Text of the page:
"The U.S. Food and Drug Administration announced today that injectable drugs used in total parenteral nutrition (TPN) in critical shortage will be imported into the United States and available to patients this week.
TPN is an intravenous"...
The signs and symptoms of chloral hydrate overdosage resemble those of barbiturate overdosage and especially affect the CNS and cardiovascular system. They may include: hypothermia; pinpoint pupils; blood pressure falls; comatose state; slow, or rapid and shallow breathing. Gastric irritation may result in vomiting and even gastric necrosis. If the patient survives, icterus due to hepatic damage and albuminuria from renal irritation may appear.
The toxic oral dose of chloral hydrate for adults is approximately 10 g; however, death has been reported from a dose of 4 g and some patients have survived after taking as much as 30 g.
Accidental overdosage should be treated with gastric lavage or by inducing vomiting to empty the stomach. Supportive measures may be used. Hemodialysis is reported to be effective in promoting the clearance of trichloroethanol.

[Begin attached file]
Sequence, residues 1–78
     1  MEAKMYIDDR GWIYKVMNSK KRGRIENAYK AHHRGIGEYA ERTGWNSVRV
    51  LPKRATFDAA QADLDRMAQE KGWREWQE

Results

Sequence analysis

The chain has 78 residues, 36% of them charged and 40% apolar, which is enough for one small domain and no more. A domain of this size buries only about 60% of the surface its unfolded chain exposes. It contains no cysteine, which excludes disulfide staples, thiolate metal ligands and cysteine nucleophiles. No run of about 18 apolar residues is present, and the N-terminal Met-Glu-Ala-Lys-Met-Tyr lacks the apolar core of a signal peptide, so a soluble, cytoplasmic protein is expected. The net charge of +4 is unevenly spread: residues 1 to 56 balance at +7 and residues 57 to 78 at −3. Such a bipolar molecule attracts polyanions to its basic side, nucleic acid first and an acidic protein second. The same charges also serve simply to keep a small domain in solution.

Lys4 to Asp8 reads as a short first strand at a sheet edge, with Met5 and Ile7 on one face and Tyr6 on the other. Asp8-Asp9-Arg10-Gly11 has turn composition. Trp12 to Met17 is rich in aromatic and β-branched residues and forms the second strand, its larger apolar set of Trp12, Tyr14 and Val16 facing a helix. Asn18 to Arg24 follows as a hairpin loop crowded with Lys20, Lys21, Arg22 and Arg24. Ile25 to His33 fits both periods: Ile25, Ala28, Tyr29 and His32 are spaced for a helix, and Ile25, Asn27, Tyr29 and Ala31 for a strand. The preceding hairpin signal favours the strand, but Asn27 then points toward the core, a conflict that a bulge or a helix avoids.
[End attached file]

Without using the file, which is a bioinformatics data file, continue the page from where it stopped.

Chloral hydrate is contraindicated in patients with marked hepatic or renal impairment and in patients with severe cardiac disease. Oral dosage forms of chloral hydrate are contraindicated in the presence of gastritis. Chloral hydrate is also contraindicated in patients who have previously exhibited an idiosyncrasy or hypersensitivity to the drug.This monograph has been modified to include the generic and brand name in many instances.
Last reviewed on RxList: 12/8/2004
Additional Noctec Information
- Noctec Drug Interactions Center: chloral hydrate oral
- Noctec Side Effects Center
- Noctec Overview including Precautions
- Noctec FDA Approved Prescribing Information including Dosage
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